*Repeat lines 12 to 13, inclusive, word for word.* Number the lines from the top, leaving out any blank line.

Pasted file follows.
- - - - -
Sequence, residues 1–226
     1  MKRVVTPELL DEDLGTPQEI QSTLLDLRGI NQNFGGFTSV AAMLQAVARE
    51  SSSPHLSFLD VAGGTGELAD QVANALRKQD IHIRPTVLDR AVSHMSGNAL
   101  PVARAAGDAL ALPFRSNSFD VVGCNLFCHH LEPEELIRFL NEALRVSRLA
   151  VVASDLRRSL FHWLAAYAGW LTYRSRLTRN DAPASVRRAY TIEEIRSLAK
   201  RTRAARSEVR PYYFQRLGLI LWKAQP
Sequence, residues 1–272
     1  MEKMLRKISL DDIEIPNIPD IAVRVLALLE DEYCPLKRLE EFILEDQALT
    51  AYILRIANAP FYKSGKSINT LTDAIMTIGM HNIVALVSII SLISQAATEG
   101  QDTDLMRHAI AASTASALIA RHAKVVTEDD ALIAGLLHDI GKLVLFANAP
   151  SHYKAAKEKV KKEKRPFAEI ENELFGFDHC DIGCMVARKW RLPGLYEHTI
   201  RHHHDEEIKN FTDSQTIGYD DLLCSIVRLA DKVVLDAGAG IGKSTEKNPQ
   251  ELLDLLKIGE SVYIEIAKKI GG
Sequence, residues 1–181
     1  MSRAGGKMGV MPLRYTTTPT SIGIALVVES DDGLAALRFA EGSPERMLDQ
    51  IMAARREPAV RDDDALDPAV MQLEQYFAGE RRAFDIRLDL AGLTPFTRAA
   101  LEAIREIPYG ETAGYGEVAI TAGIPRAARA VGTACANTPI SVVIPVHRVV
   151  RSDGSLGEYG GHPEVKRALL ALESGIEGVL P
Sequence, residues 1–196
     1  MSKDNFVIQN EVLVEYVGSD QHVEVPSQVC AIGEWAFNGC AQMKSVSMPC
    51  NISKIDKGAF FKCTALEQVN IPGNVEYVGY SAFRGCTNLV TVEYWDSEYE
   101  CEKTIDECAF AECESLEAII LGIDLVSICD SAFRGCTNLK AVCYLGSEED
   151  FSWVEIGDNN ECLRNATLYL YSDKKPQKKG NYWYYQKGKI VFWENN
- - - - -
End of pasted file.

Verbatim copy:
   201  RHHHDEEIKN FTDSQTIGYD DLLCSIVRLA DKVVLDAGAG IGKSTEKNPQ
   251  ELLDLLKIGE SVYIEIAKKI GG